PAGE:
No, this isn't about anything Dr. Martin Luther King, Jr. did or did not do in his lifetime. He's not the historical giant I most related to, but that's mostly because I'm more of an Ella Barker fan. Suffice it to say, though, I do admire him, Dr. Martin Luther King, Jr.
That's his name, right? So then, who, or what, is MLK?
MLK is more than a shorthand. MLK is a mythical figure, like Santa Clause or the Easter Bunny, who asked only that one day, the world might judge his children, and everybody, not by the color of their skin but by the content of their character. (Ironic, then, that people of my hue and darker are maligned for voting so consistantly Democratic. Hmm . . . But I digress.) MLK is storybook character, like Peter Cottontai or Curius George, who led marches only to fight for integration. MLK has become an acronym for anything white Americans, and their enablers of color, including but not limited to his niece, want to believe about him, like "Military, Low Taxes, and Kind." Or, "free Market, Liberty, Kegs."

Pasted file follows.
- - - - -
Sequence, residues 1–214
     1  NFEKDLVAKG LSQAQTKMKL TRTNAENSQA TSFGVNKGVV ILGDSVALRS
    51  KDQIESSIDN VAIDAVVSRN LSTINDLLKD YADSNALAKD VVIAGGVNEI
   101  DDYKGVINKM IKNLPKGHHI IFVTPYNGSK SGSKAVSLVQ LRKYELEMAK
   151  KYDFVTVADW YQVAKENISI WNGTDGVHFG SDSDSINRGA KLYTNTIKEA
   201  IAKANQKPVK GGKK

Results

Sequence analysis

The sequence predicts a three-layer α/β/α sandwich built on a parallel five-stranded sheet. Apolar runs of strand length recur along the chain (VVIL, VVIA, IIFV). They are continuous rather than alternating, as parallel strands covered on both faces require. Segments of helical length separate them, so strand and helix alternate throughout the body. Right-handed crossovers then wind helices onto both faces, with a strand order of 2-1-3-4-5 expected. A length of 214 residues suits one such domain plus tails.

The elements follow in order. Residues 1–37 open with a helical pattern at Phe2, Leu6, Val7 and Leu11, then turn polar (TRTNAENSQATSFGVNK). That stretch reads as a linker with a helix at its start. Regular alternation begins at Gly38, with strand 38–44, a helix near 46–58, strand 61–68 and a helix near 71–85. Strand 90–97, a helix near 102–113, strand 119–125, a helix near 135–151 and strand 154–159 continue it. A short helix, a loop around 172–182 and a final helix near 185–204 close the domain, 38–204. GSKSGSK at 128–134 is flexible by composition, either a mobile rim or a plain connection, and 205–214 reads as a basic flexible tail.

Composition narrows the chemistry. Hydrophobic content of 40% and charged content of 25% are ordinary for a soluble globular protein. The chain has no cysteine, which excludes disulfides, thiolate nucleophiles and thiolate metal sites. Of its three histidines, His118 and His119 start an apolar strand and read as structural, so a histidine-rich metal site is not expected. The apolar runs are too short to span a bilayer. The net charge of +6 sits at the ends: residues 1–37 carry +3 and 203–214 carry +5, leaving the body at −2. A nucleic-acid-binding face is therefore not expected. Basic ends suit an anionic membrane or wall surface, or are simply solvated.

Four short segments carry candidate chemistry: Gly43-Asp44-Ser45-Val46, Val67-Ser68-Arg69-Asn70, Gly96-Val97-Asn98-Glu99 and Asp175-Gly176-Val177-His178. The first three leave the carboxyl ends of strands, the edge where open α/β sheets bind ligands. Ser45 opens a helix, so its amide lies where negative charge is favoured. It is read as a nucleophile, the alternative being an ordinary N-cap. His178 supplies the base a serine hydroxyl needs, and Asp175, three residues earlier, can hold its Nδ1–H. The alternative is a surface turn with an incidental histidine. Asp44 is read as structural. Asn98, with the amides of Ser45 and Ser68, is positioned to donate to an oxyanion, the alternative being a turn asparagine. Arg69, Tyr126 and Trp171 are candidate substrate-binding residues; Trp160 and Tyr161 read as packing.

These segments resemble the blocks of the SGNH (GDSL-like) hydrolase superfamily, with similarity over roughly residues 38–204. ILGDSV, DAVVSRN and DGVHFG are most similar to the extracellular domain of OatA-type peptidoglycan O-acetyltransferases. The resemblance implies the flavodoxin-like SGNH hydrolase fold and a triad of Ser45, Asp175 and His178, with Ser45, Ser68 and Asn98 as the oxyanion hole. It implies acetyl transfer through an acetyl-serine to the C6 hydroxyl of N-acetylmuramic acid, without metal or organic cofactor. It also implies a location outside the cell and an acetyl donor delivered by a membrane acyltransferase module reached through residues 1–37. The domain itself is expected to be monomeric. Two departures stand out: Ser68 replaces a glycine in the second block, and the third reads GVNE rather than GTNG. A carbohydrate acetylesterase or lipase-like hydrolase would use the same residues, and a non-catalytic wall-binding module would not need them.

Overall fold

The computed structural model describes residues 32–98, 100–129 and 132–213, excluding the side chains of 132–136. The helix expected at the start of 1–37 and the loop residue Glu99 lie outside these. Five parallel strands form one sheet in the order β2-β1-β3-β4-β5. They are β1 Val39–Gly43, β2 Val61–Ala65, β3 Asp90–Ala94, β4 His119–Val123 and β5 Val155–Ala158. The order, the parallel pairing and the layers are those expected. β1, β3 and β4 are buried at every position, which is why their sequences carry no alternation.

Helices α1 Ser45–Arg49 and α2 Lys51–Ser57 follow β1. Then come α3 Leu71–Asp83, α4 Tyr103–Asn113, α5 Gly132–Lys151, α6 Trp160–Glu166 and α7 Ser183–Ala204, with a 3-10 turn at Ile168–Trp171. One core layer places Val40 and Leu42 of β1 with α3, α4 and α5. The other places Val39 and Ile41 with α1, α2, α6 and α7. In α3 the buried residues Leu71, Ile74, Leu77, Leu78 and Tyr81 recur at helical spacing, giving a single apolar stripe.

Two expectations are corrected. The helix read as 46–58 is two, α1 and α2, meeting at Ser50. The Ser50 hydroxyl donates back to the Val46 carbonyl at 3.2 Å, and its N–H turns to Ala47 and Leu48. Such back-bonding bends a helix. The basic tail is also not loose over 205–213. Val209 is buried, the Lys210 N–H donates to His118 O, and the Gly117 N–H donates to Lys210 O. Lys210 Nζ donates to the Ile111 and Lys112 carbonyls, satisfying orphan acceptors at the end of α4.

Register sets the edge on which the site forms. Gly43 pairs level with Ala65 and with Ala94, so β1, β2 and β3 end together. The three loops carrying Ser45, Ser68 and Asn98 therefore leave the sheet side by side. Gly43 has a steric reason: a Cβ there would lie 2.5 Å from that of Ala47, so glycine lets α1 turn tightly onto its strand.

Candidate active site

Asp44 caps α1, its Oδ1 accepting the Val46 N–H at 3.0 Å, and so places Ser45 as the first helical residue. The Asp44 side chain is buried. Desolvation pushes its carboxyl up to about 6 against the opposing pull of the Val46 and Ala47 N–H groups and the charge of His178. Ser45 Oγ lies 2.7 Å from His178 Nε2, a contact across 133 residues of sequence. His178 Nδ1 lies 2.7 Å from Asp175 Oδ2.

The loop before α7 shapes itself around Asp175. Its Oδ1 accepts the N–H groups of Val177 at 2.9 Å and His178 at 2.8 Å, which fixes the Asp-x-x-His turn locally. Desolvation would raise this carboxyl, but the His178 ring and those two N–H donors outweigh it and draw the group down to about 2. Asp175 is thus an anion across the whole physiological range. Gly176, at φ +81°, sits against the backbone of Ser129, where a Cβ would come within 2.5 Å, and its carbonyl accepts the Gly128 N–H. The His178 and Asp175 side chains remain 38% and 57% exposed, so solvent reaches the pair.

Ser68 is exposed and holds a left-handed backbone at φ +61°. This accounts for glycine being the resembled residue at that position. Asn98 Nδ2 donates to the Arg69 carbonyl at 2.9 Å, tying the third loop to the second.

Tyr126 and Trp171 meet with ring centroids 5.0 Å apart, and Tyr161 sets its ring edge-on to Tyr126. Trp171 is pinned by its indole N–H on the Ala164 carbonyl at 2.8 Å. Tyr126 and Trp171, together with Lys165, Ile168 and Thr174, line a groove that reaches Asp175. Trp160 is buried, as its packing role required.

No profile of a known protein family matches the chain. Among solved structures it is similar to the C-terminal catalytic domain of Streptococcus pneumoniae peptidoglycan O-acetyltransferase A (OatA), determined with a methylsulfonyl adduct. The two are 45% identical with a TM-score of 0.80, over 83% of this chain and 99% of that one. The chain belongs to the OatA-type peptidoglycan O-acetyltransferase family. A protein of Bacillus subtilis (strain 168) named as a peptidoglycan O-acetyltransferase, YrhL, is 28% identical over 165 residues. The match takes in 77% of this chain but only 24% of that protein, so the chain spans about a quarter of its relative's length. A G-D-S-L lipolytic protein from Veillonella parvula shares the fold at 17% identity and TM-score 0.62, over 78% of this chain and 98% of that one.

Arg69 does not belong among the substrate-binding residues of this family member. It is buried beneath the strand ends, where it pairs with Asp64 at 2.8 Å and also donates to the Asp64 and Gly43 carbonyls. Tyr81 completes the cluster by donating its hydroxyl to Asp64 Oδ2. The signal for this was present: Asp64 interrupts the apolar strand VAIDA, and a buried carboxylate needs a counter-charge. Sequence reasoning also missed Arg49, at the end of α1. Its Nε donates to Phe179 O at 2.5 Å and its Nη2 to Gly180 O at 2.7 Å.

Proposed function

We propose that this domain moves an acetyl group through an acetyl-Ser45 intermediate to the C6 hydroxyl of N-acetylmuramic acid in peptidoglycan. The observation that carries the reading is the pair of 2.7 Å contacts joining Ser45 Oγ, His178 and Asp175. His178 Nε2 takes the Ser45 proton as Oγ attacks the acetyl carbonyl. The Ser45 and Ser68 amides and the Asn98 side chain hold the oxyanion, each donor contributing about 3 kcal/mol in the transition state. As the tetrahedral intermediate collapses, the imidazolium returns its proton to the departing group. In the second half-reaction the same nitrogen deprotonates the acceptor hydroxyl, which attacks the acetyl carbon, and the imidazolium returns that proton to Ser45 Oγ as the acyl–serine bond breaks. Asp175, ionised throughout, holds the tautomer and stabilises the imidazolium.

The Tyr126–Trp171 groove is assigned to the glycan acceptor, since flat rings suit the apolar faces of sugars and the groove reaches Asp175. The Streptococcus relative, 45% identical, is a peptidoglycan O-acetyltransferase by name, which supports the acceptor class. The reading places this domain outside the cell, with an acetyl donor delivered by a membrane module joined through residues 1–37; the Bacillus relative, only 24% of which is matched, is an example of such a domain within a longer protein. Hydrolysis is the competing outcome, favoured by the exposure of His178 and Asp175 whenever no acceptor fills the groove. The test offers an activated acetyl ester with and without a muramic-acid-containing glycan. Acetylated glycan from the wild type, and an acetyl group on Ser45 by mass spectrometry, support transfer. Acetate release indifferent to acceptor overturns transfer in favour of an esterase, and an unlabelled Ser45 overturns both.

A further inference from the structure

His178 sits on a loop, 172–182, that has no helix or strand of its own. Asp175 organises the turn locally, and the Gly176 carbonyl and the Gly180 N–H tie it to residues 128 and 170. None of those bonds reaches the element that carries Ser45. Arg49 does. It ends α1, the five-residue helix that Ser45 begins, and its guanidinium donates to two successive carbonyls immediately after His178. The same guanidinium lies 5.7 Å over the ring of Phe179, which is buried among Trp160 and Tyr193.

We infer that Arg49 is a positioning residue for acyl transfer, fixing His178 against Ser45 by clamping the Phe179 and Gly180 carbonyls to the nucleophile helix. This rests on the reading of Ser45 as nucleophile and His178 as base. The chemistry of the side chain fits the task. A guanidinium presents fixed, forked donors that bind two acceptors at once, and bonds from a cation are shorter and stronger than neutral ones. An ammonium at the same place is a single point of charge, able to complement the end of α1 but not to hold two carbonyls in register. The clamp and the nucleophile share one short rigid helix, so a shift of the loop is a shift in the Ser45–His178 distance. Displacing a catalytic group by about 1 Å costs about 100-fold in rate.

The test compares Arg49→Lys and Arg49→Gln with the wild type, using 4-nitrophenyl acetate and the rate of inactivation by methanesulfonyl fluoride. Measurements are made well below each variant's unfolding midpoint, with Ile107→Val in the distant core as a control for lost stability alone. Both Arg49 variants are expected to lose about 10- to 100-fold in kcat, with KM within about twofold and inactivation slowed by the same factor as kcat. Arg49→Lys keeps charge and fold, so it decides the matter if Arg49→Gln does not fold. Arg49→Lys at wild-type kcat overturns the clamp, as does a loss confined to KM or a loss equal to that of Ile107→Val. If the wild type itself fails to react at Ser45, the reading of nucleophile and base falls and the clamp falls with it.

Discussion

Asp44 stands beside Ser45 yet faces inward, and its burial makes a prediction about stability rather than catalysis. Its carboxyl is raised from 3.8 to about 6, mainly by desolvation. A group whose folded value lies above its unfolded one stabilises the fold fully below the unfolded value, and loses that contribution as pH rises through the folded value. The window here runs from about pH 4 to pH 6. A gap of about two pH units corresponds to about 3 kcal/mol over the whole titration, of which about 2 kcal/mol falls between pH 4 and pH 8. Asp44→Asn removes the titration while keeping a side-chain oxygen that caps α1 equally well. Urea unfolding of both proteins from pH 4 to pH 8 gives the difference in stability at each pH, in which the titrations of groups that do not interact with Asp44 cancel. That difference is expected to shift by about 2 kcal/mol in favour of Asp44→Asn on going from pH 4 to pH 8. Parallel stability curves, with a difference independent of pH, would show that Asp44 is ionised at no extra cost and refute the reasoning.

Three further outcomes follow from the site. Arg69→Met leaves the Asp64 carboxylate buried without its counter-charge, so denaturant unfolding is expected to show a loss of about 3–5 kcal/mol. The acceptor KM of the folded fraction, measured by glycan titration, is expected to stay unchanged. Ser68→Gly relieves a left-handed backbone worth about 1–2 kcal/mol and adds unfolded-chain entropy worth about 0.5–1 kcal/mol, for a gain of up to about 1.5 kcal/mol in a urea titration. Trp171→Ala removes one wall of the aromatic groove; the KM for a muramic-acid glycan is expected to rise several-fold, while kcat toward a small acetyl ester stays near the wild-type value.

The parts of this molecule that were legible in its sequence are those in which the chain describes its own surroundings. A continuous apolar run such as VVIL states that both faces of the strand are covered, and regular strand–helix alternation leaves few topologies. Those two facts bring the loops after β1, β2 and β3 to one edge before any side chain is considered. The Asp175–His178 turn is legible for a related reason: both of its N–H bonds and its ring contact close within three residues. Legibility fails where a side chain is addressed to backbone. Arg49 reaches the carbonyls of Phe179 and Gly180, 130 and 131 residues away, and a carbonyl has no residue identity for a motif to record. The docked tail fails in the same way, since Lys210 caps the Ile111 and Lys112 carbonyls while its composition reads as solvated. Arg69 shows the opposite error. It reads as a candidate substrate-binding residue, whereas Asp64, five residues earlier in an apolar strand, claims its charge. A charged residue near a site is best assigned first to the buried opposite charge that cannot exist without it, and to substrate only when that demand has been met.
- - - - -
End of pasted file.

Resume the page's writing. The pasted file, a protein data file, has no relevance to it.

But we know that wasn't the totality of who Dr. King was or what he stood for. That's one problem
Here's the other: apparently, MLK orchestrated the Movement from beginning to end, prior to his involvement and after his death. But the truth is Dr. King wasn't the only leader, muchless participant, in the Civil Rights Movement. You can't just dismiss ideas you disagree with by crying, "King would've never blah, blah, blah!" If Ralph Abernathy or John Lewis or Ella Baker or Fannie Lou Hamer or Baynard Rustin promoted reparations or gay marriage or reproductive rights or government intervention to protect the rights of an oppressed group, then you should disabuse yourself of any notion that you're the right inheritor of the Civil Rights Movement.